First, the cutoff low currently over the western Great Basin is forecast to eject a piece of energy that moves near our area overnight. There will be some upward motion, but because I am not optimistic about snow amounts in the warming southwest flow, I expect only 1-4” to be reported by Sunday morning and possibly another inch or two during the day and another inch or two overnight.
The cutoff low will first be forced to move southward by the upstream kicker-wave tomorrow. As this happens, the kicker-wave itself splits, with the southern portion replacing the current cutoff low and ejecting it over our area by Monday night, while the northern portion mixes with some bitterly cold arctic air associated with the ever-present Hudson Bay vortex.
As the remnants of original cutoff low approach our area Monday, upward motion will increase through the day as temperatures and winds increase. Even though we will be in the negative influence of warming southwest flow, I expect snowfall rates to eventually increase on the hill as the strong upward motions dominate the atmospheric warming, especially later in the afternoon. The valleys, however, may be warm enough for rain or a rain/snow mix in the afternoon.
Snowfall will become heavy to intense around Monday night as the cutoff low phases with northern branch of the kicker-wave, veering the winds to our favored northwest direction by around midnight. Additionally, the very cold air now present in the northern branch of the storm will lower snow densities and enhance snowfall rates as the atmosphere continues to destabilize through Tuesday. I would expect 6-12” of snow to be reported Tuesday morning, with an additional 6-12” falling during the day and overnight to be reported Wednesday morning.
Temperatures will be unseasonably cold on Wednesday and will stay cold into Thursday. Valley inversion will form making as well, making the first few days of March feel like mid-winter. Temperatures will moderate under a building ridge for Thursday and Friday before we are clipped by a fast moving wave traveling through the ridge that may produce snow snow showers on Saturday.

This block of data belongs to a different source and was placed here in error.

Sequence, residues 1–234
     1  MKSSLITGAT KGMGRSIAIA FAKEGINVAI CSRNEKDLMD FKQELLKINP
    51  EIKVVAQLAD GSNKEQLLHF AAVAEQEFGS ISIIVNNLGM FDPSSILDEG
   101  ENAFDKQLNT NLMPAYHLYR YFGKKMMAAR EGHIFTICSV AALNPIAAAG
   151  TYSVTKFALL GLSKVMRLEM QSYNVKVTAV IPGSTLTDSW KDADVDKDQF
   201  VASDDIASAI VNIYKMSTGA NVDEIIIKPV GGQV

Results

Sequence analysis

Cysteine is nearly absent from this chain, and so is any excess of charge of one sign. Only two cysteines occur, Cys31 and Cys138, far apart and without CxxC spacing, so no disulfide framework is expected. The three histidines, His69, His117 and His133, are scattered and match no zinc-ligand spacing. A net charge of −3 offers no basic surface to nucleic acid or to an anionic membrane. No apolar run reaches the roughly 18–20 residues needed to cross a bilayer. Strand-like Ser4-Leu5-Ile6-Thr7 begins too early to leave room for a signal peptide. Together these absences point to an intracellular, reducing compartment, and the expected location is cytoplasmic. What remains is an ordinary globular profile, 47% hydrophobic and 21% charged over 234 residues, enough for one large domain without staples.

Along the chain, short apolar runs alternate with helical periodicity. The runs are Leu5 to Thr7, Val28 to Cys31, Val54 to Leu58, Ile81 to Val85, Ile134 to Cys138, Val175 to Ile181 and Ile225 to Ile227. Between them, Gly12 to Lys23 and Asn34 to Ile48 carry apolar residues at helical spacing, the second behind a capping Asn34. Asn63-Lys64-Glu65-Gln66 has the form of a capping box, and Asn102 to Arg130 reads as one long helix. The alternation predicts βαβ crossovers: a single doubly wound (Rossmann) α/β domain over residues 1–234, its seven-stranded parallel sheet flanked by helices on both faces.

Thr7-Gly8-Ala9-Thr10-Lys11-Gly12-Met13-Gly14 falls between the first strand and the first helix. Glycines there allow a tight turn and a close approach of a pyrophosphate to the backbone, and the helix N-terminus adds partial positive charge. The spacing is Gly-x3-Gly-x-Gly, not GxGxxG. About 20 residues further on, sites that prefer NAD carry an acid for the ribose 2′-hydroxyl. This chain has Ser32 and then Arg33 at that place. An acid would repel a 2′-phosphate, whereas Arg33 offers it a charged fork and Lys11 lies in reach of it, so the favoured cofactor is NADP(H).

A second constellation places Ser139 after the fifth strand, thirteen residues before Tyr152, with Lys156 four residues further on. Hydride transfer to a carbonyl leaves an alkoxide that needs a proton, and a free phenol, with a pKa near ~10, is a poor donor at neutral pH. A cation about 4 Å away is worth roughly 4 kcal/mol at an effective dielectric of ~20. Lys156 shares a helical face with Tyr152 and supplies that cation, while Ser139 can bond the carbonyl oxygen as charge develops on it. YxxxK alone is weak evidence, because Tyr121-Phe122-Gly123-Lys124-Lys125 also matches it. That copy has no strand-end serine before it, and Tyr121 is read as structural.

Thursday, February 26, 2015
A trailing wave passes over the area this evening behind the departing storm, increasing snows a bit and leaving another 1-4” on the hill by tomorrow morning. Friday and Saturday morning is a transition period as another complicated storm system similar to last weekend takes shape over the western United States.
That storm, currently located near the Washington / British Columbia maritime border, is splitting. It is eventually forecast to evolve into two pieces including a closed low over the western Great Basin and a much faster moving wave that will skirt the northern Colorado border early Sunday.
Dissimilar to last week, there is no strong upward motion over our area during the transition period before the cutoff low begins to affect us by around Saturday afternoon. Therefore only light snow or snow showers at best are expected through Friday and most of Saturday, and it may even be dry.
While it is nearly certain that southern Colorado and those areas favored in central Colorado with southwest flow will receive the majority of snowfall from this storm this weekend, the models are struggling with the northern extent of the snows, creating an uncertain forecast for the Steamboat area starting Saturday afternoon and lasting through Monday morning. I’m going to have to wait until the models have a better handle on the storm before issuing snowfall estimates for that time frame.
Additionally, another kicker wave topping a ridge in the Gulf of Alaska will first force the closed low to move eastward beginning early Monday, moving over our area around Monday night with moderate to heavy snows. The kicker wave will mix with some very cold arctic air over western Canada, likely giving us another blast of heavy snows later Tuesday into Wednesday, accompanied with unseasonably cold temperatures by Wednesday afternoon into Thursday morning. While it is too early to forecast amounts, the potential for another one to two feet are possible from Monday through Wednesday.
Dry and warmer weather is expected to return for the following weekend.